Plan for Fall and Winter Grazing

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Cows Out Standing in a Fall FieldAs we get towards the end of summer, now is a great time to start planning for fall and winter grazing and or hay supplementation. It is also a great time to make fertilizer applications to tall fescue pastures to help optimize forage production for this fall.

By this point in the year, you should have an overall idea of how much forage you have left to go into fall and know which pastures need to rest and regrow to better your chances of not running out of forage. This will also give you a ball park of how much hay you might need. Keeping records of how much hay you fed last winter will help you estimate how much hay you may need. It is better to be prepared and have your hay on standby than it is to be trying to find hay last minute before when you runout of grass or a winter storm. Even if you do not have barn or shed space for hay to be stored out of the elements, here are a few suggestions to keep in mind that will help preserve the nutrients in the hay.

Hay loses more nutrients from sitting directly on the ground, than it does from being uncovered. So, if all possible keep hay stored off of the ground. Pallets and old tires are a great cheap resource to use to get hay off of the ground. If you can, cover the hay up with a tarp to keep rain and sun from ruining the bales. By protecting hay from the elements, it helps preserve it nutrients. Hay that has been left outside in the elements can be rotten or molded many inches towards the center of the bale. The outer part of these bales contains much less nutrients than what the hay originally had at harvesting. Feeding hay that has been stored correctly will reduce the amount of hay that needs to be fed compared to bales that have gotten wet and moldy.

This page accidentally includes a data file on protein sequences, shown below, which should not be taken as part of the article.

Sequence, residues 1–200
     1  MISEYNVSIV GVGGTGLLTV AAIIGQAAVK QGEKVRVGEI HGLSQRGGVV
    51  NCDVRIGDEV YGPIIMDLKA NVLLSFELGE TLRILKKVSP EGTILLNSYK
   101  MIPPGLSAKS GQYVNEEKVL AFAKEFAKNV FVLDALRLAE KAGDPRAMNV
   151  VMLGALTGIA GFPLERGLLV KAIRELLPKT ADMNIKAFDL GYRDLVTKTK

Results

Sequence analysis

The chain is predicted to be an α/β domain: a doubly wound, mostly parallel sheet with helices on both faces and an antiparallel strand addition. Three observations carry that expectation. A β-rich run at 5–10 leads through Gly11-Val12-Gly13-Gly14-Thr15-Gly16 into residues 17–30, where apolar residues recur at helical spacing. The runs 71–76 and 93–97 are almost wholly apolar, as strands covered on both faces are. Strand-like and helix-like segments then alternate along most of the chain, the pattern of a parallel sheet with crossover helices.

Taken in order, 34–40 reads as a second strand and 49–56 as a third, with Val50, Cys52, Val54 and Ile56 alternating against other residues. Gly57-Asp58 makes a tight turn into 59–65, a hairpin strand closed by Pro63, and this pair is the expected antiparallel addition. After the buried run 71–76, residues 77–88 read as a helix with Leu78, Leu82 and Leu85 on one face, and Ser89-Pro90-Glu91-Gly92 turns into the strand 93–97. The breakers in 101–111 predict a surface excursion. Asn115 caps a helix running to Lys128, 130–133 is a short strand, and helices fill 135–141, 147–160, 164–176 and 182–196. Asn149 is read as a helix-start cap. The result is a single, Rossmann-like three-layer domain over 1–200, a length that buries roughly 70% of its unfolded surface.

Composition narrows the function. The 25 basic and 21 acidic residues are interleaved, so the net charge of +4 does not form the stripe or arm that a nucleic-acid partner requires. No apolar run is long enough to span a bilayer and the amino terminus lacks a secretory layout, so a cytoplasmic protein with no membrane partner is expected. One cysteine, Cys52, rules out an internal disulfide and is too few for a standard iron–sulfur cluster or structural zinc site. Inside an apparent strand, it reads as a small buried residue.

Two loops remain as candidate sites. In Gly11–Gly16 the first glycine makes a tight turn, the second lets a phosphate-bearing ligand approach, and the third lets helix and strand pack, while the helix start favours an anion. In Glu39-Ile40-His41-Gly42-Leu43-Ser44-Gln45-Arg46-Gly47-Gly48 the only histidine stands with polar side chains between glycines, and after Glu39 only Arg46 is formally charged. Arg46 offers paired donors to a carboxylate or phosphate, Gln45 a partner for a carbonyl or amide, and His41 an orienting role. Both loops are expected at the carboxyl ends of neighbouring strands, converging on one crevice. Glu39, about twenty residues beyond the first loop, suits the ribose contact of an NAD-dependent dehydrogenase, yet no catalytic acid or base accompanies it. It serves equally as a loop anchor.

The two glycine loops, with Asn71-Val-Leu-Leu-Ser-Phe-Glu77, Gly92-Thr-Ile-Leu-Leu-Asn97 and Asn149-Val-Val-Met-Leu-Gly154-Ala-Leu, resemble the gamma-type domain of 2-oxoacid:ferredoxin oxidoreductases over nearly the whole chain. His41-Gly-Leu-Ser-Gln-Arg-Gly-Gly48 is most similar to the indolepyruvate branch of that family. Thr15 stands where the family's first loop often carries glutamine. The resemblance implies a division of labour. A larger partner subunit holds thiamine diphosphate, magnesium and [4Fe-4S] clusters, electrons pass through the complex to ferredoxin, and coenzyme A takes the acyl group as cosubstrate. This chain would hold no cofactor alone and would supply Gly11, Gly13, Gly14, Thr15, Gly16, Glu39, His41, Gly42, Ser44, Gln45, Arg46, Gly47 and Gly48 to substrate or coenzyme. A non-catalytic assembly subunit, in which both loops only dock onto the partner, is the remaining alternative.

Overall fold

A way to make sure you have extra grass to graze during the winter and cut down on hay feeding is to stockpile fescue pastures. Stockpiling is basically keeping livestock off a certain area or pasture and allowing the forage to grow until livestock is turned back into that pasture. Tall fescue is a cool season perennial forage that almost goes dormant in the summer and will start growing as cooler weather begins in late summer early fall. It is important to apply nitrogen (50 lbs/acre) to pastures starting around mid-August through late September. The nitrogen will boost the growth of the grass as it starts to grow again. To get started stockpiling fescue, you can either graze or mow the areas you want to stockpile before you apply nitrogen or fertilizer. In order to make sure that you optimize forage production, do not start grazing the stockpiled fescue until December or January, when the fescue has stopped or slowed down its growth for the winter. Not only will this extend your grazing season, but these areas of stockpiled fescue will help keep the mud down during the winter since there will be more forage matter covering the ground. Hay can also be rationed out while livestock is grazing these areas, to extend the grazing time on each section that is stockpiled.

Hay is can be a huge cost to livestock operations and cost more dollars than grazing fresh forage. For more information, contact Adam Lawing by email or 336.318.6012.